Most of the Barcelonese will drive north for one-and-a-half hours to towns and villages in the Baix Empordà region such as Begur, Llafranc and Calella de Palafrugell, where there are some of the finest bays and bars in the world. “The Baix Empordà part of the Costa Brava is extremely popular with the Pijos (posh people) of Barcelona,” says Maria – a Catalan property specialist. “It is a Catalan version of Tuscany, with beautifully kept orchards and farms, and every few kilometers a picturesque village like Peratallada, Begur, or Palau-Sator.”Unfortunately the prices already match the location. In Begur, for example, you can buy a small house with three or four bedrooms, and room to build a swimming pool for 510,000. The only house for sale in Sa Tuna, a tiny bay ten minutes from Begur that is full of bathers in the summer but deserted in the winter, will set you back 1 million.
Adrian McGinley and his wife Susan, who are both in their 30s, bought a four bedroom villa with a sea view in Sa Riera two years ago for 250,000. It is five minutes from Begur and two minutes from the sea. They moved four years ago from Islington with their two children, who are aged 10 and 8, initially to France in the Midi Pyrénées near St Antonin Noble Val.
“The house in France was fantastic, but while there was plenty of life in the summer, it was a bit desolate in the winter,” says Adrian. “We have found that the Catalans have a more open, more European outlook than many of the French people we met. And there is much more to do in the winter. There is horse riding, tenpin bowling, skiing a couple of hours away, as for me, I head down to the Nou Camp to watch Barcelona play football.”
McGinley deals in industrial food machinery on the Internet, so is lucky enough to be able to work from home. Others inhabitants in the area are mostly retired. Even so there are not many English people living on the Costa Brava. But from February Ryanair will be flying direct to Girona, a pretty town that has been compared to Avignon. And in the not too distant future the TGV fast train from Paris will stop here on the way to Barcelona and Madrid. Not only will this bring in British people, but also Germans and Italians. Some of them may end up buying properties in Girona. The best properties are those that overlook the River Onyar. They are tall and pastel coloured. On sunny days they are festooned with blinds and washing that blows in the wind.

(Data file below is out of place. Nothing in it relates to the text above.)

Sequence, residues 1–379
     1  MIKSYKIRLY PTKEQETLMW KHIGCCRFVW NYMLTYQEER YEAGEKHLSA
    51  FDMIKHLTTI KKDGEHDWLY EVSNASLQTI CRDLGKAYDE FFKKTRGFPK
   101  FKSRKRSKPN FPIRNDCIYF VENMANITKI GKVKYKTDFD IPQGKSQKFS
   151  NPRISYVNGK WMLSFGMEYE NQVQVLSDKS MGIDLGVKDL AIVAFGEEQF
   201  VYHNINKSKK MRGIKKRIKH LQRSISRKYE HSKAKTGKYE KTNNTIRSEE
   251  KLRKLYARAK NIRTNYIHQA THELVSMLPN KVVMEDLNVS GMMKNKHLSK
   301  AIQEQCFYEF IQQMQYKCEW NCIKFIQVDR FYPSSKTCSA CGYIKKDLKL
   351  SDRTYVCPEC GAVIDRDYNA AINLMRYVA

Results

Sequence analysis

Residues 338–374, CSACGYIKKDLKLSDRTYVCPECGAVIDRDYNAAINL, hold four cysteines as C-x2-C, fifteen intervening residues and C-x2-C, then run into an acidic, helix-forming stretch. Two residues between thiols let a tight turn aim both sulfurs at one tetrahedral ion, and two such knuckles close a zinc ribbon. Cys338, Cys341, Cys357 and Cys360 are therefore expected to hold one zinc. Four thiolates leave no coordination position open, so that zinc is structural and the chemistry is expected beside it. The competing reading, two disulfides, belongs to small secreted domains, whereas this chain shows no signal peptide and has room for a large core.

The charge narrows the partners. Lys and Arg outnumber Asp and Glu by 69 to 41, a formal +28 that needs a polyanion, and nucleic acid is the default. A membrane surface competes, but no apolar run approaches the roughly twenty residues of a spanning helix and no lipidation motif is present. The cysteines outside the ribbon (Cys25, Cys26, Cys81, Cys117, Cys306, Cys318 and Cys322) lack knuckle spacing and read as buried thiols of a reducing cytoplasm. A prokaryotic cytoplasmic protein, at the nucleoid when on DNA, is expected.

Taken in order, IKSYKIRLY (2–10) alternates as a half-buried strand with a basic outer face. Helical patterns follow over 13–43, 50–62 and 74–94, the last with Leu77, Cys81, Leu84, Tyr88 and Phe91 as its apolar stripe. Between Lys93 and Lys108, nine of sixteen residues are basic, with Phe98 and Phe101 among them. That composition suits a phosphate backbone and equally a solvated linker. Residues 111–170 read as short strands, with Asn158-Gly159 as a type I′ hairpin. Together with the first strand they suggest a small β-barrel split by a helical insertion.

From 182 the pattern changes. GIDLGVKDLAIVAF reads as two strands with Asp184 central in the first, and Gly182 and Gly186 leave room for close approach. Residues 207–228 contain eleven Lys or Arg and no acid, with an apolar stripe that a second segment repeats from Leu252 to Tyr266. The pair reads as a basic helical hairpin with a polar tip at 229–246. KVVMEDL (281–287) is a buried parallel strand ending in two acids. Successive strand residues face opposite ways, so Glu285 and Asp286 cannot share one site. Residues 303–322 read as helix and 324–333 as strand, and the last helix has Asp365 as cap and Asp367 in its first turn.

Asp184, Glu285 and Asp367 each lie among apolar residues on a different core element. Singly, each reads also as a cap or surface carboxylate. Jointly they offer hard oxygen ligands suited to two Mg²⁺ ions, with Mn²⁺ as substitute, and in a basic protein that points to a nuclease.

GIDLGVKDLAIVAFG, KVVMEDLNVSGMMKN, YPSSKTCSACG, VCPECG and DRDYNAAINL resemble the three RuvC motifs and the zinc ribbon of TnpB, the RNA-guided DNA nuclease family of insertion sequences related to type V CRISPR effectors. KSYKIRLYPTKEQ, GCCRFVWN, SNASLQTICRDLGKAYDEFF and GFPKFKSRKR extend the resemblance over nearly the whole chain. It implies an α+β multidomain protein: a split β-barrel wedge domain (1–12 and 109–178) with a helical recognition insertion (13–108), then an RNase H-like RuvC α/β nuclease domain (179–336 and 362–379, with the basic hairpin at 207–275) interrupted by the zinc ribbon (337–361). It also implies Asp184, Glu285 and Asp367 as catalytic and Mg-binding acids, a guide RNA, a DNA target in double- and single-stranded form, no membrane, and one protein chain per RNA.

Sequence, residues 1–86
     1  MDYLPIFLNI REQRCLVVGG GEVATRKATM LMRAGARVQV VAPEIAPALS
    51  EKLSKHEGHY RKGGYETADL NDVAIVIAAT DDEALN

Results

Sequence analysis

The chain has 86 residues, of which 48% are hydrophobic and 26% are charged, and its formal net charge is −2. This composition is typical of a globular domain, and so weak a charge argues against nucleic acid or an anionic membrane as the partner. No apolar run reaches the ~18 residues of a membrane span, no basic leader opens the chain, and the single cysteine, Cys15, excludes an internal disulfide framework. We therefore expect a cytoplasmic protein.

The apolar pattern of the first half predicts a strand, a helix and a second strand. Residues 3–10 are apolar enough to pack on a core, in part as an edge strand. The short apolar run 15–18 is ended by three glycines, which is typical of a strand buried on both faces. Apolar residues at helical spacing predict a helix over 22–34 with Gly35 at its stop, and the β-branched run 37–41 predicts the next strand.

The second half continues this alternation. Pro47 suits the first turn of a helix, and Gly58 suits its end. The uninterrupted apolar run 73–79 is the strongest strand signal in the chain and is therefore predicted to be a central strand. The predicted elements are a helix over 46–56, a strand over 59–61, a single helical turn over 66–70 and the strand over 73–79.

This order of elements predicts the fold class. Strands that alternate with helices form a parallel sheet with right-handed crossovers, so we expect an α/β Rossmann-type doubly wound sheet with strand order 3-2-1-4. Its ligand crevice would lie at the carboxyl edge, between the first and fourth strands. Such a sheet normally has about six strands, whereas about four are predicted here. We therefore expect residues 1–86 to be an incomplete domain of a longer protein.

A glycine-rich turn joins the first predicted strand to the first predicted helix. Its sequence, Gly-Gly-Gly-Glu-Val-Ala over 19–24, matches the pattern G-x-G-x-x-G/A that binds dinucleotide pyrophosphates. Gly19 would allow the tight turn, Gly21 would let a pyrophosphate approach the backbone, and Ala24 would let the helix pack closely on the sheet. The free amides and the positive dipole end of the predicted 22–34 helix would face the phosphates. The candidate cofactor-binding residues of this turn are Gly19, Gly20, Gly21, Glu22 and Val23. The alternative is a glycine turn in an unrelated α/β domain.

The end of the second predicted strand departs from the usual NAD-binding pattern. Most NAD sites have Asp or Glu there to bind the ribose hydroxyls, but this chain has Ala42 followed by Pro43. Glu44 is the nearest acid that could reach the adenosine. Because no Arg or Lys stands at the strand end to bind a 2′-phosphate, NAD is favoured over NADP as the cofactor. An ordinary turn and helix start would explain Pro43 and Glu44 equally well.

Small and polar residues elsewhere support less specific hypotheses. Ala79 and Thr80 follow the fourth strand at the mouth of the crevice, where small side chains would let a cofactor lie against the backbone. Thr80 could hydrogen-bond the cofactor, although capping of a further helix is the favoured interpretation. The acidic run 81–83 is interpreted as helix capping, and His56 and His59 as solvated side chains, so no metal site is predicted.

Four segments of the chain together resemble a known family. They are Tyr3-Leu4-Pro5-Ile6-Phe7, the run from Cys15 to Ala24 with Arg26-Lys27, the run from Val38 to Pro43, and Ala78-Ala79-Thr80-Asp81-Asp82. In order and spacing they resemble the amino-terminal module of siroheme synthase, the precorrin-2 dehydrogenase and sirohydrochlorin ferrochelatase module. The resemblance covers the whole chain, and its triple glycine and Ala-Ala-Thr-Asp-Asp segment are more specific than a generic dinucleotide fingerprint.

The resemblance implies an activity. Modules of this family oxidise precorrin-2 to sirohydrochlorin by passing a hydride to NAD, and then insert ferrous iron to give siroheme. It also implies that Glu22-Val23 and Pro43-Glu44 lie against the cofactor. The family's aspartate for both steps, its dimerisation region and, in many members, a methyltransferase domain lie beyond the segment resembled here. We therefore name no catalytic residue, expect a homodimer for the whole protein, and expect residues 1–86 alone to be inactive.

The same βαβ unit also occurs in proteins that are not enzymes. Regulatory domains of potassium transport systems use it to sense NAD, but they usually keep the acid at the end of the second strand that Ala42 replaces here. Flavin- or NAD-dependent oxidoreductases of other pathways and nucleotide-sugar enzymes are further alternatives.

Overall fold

Others will head north to Figueres, a market town where Salvador Dali was born and is buried. To the east is Cadaques, one of the most unspoilt spots on the coast that can only be reached by a single road, or by sea. All the houses are white, so from a distance it looks like a cool, cubist painting. This is where Dali lived for many years. In the 1960s Cadaques was known as the St Tropez of Spain. Young people and ageing roués flocked to watch the master paint, or twiddle his moustache. It is still possible to hire the barge that he built for Gala, his last mistress, and potter along the coast, swimming in the rocky bays.
But many travellers who arrive in Girona expecting to snap up a second home on the cheap will be disappointed. There is a great variety of property, from country farm houses, called masias, to villas and apartments on modern and stylish residential estates. But it is not a cut-price location like the Costa Blanca, though it compares favourably in terms of value-for-money with cramped beach property in the Costa del Sol and the Balearic Islands.
Maria claims the region’s cultural patrimony, diversity, and beauty, not to mention its proximity to the south of France, attracts more discerning buyers than the sun seekers of the Costa del Sol. “The Costa Brava is where Majorca was twenty years ago,” says Ronnie Miller, a retired property developer. He now lives near Begur, but spent fifteen years on Majorca. “I love it here,” he says. “When I left Mallorca I went all over Spain, but didn’t find anywhere I liked. Then I came here and fell in love with the place. The women are so stylish and immaculately dressed, you want to ask them what magazines they have been reading. I still love Mallorca, but it’s got so expensive there. Mind you, I reckon here will go the same way.”